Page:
Escorting the Alpha Magnetic Spectrometer
Simonetta Di Pippo, ESA Director of Human Spaceflight, has been following for more than 15 years the development of the Alpha Magnetic Spectrometer (AMS-02). Last August, in a “great day” for fundamental physics, she didn’t miss the opportunity to be present for its arrival at the launch site, the Kennedy Space Center in Florida.
The antimatter hunter AMS-02 began the first stage of its voyage to the International Space Station (ISS) from Geneva international airport, in Switzerland. The US Air Force Galaxy transport aircraft carried it to Cape Canaveral, where Di Pippo and the Nobel Prize Laureate Professor Samuel Ting, Principal Investigator of the experiment, welcomed one of the most complex space scientific instruments ever built.
AMS-02 was also escorted by the astronauts who will fly with it to the ISS on the Space Shuttle Endeavour next February 2011. The European astronaut Roberto Vittori, who will be flying on an opportunity provided by the Italian space agency (ASI), followed the unloading with the rest of the crew.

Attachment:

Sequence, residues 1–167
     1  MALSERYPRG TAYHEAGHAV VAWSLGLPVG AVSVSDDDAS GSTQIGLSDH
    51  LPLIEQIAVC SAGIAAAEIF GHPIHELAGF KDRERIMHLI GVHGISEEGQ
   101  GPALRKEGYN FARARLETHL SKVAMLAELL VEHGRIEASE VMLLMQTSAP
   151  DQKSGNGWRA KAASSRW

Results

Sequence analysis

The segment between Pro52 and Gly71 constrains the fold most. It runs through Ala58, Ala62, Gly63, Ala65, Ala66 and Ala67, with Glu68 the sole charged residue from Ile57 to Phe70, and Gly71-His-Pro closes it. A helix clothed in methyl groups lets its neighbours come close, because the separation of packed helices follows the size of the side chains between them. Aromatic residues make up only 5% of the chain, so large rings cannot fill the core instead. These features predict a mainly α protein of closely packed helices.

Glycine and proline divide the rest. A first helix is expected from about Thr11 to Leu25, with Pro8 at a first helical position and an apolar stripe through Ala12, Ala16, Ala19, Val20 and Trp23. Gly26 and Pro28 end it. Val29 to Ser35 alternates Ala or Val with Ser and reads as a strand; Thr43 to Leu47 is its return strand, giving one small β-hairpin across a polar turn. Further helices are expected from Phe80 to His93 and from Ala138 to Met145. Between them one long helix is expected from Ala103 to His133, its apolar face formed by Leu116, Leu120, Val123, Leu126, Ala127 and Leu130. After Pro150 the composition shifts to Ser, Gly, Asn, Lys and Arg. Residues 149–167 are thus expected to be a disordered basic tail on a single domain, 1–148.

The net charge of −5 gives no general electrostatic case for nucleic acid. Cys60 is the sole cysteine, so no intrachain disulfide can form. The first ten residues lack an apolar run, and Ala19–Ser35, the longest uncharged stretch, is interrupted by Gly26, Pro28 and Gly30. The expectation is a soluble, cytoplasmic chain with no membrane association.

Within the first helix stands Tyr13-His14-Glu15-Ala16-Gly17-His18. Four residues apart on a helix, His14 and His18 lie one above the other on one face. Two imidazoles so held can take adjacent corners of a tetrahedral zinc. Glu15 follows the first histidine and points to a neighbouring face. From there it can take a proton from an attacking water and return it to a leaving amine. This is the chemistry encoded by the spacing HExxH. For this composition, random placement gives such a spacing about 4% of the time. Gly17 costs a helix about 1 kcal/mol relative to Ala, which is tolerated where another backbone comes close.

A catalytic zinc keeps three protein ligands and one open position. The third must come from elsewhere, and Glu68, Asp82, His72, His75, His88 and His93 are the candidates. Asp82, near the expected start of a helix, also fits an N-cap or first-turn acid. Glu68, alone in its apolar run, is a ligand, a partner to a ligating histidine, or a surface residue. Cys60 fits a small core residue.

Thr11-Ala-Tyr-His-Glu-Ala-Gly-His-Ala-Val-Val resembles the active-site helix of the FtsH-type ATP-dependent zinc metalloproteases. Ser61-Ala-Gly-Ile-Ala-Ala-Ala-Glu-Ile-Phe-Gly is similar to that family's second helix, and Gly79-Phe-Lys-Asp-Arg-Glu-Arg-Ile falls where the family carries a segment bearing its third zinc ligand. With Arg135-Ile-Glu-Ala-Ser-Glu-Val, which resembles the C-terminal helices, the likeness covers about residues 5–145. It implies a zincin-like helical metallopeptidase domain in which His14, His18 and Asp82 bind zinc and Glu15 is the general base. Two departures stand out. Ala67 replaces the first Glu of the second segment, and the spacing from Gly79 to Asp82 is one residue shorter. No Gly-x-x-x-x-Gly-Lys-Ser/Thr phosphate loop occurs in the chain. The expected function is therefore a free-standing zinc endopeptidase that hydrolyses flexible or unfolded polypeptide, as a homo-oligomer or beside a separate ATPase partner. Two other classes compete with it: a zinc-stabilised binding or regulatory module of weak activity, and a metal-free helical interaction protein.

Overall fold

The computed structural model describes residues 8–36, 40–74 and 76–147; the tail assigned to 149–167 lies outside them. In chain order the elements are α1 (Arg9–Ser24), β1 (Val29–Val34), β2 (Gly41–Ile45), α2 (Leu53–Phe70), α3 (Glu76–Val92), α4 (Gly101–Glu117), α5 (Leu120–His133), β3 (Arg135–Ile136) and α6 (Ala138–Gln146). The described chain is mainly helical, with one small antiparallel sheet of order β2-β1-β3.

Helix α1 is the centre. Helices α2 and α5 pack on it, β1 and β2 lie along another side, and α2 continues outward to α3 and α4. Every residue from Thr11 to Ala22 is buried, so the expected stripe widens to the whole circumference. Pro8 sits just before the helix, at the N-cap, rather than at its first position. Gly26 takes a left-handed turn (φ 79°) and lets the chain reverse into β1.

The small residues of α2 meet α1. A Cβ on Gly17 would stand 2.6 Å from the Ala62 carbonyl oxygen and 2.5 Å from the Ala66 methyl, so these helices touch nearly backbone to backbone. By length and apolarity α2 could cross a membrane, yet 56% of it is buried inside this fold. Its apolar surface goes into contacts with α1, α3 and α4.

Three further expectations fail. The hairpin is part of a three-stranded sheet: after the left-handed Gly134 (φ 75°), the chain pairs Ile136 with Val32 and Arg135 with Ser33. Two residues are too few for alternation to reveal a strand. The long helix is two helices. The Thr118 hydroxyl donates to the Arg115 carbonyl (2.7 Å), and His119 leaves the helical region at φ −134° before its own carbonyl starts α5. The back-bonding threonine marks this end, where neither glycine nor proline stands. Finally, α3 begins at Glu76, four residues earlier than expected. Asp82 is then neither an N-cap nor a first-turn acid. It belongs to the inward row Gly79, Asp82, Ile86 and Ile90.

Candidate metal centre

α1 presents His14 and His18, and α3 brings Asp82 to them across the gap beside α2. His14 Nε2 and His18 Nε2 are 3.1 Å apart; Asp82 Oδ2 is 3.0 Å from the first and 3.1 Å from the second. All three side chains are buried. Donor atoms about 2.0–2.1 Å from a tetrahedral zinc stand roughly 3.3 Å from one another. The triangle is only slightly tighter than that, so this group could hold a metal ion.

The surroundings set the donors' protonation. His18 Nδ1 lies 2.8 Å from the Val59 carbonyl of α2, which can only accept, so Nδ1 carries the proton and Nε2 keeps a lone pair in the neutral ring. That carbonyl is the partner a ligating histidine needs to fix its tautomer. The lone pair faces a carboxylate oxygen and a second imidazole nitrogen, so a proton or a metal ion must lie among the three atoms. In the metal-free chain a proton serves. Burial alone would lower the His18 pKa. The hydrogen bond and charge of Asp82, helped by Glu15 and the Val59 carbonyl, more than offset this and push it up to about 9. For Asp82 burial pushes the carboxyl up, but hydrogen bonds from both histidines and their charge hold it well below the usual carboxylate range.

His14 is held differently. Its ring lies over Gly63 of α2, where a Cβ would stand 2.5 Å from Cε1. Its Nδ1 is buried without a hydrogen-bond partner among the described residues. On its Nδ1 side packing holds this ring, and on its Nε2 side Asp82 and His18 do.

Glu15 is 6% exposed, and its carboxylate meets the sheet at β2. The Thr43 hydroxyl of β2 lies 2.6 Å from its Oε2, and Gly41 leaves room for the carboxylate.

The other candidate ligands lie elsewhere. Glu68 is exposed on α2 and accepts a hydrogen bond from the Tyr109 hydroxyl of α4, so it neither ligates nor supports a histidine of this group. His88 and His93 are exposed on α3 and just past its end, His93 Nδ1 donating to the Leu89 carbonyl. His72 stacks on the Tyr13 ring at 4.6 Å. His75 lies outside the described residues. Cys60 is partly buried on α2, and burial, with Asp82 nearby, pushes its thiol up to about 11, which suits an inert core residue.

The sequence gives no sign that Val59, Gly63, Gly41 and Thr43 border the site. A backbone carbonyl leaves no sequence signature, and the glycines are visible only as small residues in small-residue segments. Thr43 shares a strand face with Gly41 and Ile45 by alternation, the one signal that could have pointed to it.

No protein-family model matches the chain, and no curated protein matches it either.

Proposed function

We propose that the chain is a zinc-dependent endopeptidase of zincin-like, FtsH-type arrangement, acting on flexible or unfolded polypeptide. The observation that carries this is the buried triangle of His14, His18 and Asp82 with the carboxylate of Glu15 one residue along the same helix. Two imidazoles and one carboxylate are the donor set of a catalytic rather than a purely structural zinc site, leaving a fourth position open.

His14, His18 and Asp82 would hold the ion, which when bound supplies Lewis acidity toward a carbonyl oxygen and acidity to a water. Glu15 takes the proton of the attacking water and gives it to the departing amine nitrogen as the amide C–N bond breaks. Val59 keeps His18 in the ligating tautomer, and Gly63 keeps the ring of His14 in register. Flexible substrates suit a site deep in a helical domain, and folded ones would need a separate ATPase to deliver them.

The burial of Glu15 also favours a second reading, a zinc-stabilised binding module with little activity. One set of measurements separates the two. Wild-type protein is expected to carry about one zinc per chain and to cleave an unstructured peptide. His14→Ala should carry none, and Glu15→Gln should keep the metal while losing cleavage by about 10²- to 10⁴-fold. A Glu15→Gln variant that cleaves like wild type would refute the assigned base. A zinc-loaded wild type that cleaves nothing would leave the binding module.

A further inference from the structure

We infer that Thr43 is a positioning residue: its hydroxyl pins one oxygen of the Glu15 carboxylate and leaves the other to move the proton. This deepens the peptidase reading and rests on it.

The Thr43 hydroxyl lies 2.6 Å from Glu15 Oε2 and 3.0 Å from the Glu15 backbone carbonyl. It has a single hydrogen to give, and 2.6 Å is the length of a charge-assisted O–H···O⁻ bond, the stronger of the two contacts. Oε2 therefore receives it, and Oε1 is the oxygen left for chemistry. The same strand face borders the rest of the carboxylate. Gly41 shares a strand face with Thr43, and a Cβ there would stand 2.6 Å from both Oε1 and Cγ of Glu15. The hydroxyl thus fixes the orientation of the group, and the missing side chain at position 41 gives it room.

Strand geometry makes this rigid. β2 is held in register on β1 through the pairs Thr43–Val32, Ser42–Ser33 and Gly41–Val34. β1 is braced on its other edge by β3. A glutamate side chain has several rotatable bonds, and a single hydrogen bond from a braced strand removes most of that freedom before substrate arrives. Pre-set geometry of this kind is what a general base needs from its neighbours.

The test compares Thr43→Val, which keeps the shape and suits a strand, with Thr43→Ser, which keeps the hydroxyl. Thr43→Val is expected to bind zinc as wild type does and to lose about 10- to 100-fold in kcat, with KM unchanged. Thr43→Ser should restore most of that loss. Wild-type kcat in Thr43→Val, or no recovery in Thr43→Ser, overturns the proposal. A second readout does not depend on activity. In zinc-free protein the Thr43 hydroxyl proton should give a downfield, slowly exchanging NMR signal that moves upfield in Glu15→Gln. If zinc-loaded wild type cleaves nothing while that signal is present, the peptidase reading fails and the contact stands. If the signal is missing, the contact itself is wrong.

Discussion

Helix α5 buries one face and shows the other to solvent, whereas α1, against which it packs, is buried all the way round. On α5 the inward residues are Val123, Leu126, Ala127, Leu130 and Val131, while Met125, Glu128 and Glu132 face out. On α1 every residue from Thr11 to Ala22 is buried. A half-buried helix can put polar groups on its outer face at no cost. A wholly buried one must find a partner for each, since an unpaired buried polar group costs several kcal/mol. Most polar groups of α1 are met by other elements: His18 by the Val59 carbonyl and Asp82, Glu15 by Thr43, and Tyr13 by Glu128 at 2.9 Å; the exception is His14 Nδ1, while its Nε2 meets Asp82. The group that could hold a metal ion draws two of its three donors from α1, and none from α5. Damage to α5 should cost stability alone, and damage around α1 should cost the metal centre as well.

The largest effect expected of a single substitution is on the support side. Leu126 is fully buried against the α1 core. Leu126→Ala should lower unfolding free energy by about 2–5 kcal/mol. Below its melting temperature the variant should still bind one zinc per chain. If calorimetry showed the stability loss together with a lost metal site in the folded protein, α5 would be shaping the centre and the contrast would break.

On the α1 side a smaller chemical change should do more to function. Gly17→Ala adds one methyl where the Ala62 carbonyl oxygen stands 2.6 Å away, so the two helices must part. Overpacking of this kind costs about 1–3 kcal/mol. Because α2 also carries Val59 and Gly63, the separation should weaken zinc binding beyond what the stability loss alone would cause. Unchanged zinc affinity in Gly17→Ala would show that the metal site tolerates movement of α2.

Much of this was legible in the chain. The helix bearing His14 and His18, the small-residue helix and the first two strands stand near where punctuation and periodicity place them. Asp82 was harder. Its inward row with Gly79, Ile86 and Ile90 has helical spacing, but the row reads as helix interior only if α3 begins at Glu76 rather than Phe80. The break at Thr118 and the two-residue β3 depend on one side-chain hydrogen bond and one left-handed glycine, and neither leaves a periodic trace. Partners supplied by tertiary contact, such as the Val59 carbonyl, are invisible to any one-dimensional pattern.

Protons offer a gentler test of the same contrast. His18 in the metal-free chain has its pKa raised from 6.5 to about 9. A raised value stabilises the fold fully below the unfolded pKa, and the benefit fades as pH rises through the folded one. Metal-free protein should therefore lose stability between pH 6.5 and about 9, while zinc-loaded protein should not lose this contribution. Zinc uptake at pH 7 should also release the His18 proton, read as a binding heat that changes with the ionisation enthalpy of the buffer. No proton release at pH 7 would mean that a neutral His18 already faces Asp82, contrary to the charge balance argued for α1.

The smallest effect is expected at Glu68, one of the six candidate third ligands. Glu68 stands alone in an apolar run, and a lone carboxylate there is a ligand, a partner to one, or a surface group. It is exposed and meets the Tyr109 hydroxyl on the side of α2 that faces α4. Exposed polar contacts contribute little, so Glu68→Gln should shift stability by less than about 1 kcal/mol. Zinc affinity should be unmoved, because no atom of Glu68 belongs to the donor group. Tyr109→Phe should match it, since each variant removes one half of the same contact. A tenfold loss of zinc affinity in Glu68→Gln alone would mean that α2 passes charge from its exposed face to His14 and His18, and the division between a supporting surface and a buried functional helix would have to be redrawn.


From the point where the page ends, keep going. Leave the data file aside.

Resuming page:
"This is the way to work for the future: working together for a huge endeavor in exploring the Solar System", says Di Pippo. The state-of-the-art particle physics detector is the result of years of international collaboration among institutions and research centres from Europe, United States and Asia.
AMS-02 is currently undergoing the final tests at the Space Station Processing Facility, where the first operations have been devoted to check the interfaces between the experiment and the ISS. Once attached to the Station, the instrument will search for signs of antimatter and dark matter in space, a big step ahead in understanding the physics of our universe.